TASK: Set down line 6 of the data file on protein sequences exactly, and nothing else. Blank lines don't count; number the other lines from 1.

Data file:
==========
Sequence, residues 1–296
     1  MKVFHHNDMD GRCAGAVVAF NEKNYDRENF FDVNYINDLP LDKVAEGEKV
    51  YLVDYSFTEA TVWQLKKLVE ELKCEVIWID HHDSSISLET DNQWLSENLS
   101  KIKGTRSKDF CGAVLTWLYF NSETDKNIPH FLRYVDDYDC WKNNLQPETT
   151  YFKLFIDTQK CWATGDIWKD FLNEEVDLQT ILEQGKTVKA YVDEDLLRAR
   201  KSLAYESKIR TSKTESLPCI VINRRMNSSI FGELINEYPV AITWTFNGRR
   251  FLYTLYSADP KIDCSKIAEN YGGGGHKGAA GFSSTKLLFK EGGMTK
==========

   201  KSLAYESKIR TSKTESLPCI VINRRMNSSI FGELINEYPV AITWTFNGRR